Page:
Washington has a few tricks in its bag whenever the debt ceiling is approached. But quick fixes can only work for so long before global confidence in the nation's government and currency erode.
asks CEOs what it will take to restore some fiscal sanity to the U.S. government.
CEO Richard Thompson: "I'm a non-debt guy," said the chief executive of the Camarillo, Calif.-based solar inverter company. "You can see it in our company, cash positive, and personally I manage my finances the same way. I don't want to see debt we have accumulated passed on to our grandchildren. We have enough resources in this country to live within our means and we've gotten a little too 'big government.'
"I realize it means cutting social programs and limiting what we ship abroad in terms of support to other governments, but I am a Stone Age guy and would take you back to the Monroe Doctrine and ask you, "What's wrong with that?"
"My stance as a citizen creeps into my stance as a businessman, too. As far as the renewable energy industry, we don't depend on the U.S. government, and we can get to grid parity without the support; it just might take a year or two longer. Support would be good to have because it creates jobs and keeps greenbacks in the U.S. That said, I was recently in the office of a U.S. senator, and I asked him about this issue, and his response was, 'We aren't spending on anything.' I was pleased with the answer, if they stick to it, if there is no pork barrel."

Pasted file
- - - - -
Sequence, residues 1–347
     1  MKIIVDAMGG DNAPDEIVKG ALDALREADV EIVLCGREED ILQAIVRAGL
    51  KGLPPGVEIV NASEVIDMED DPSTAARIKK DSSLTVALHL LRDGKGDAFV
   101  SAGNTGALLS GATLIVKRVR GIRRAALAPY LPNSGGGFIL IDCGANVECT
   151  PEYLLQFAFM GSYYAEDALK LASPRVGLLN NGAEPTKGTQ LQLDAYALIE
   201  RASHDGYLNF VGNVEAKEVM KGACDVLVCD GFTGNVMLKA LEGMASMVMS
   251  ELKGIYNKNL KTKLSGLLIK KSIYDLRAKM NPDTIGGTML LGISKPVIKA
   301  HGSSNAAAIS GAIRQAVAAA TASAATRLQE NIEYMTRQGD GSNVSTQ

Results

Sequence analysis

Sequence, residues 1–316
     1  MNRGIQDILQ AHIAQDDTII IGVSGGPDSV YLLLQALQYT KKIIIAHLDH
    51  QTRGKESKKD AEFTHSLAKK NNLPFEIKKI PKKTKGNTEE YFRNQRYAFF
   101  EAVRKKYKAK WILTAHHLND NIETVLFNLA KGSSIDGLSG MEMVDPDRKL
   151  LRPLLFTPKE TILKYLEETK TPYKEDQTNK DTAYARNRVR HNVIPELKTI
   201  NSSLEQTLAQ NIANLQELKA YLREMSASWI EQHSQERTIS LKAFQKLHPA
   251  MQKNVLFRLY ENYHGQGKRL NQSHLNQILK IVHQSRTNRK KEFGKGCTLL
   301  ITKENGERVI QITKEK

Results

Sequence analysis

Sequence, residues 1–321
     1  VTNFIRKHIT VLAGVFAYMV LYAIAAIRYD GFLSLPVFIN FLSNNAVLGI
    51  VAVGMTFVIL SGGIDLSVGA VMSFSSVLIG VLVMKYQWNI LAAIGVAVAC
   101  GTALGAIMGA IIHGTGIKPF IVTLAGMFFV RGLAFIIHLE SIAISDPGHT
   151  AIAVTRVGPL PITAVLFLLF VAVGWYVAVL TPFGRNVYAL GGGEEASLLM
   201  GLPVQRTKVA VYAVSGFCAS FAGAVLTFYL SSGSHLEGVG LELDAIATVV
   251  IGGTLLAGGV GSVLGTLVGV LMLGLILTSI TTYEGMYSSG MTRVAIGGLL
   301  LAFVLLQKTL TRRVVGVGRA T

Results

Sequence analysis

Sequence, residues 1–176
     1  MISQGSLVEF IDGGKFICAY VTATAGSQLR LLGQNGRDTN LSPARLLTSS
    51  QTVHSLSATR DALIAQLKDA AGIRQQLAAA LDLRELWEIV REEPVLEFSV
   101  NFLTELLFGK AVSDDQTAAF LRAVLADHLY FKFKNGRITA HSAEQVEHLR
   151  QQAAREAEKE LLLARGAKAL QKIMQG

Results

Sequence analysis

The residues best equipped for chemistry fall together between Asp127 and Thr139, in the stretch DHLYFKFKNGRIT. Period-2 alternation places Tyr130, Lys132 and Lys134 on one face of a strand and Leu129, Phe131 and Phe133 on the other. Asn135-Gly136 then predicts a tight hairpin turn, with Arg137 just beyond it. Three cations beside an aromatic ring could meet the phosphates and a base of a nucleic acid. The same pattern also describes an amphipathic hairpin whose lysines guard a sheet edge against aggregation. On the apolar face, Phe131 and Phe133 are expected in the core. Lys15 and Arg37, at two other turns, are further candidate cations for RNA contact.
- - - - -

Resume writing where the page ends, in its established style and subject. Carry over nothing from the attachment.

"One potential solution to the debt-ceiling problem can impact the competitiveness of U.S. companies. I've heard various ideas about eliminating the corporate income tax as a way to make the U.S. a more competitive manufacturing base. This is not renewable energy specifically, but think of all the foreign countries that have inexpensive labor and big balance sheets. You can figure out which ones those are. Bring the manufacturing back home. There are lots of large companies that already are barely paying income tax. It's the mid-sized to small companies and small business owners paying the corporate income tax."
John Chen , CEO of Sybase
CEO John Chen: "I think everybody knows they need to balance the budget. It's like household finance or company finance. If you don't make money and you don't balance the budget and you just keep borrowing -- you will never be there.
"On a shorter term, I guess we really need to promote trade around the world. We say this, we don't do enough -- in my opinion. Then on a longer term, immigration to attract talents. And to create our own talents in education -- to make sure we have a certain standard. A lot of people tell me -- oh that's a very long term solution -- I don't think so. If you just start focusing on a high school standard -- in four years those will be great standards and a great talent pool. We need a talent pool in the innovation world.
Intuit CEO Brad Smith
CEO Brad Smith: "First of all, it's not an easy problem to solve. No. 2, we all own the problem together -- and I mean citizens, private industry and the government. No. 3, it's going to take good fiscal discipline to make it happen -- it's going to need spending cuts, and I do believe that we'll have to increase revenue.
"I don't think you can solve it
in just one way. It's going to take doing all of the above, and we're all going to have to share some of the burden.
What are America's corporate leaders saying about the issues of the day? TheStreet's reporters, during the course of their weekly coverage, will pose a thematic question to the business executives they interview. Have a question you'd like to see TheStreet ask the CEOs? Send it to email@example.com
Follow TheStreet on Twitter
This article was written by a staff member of TheStreet.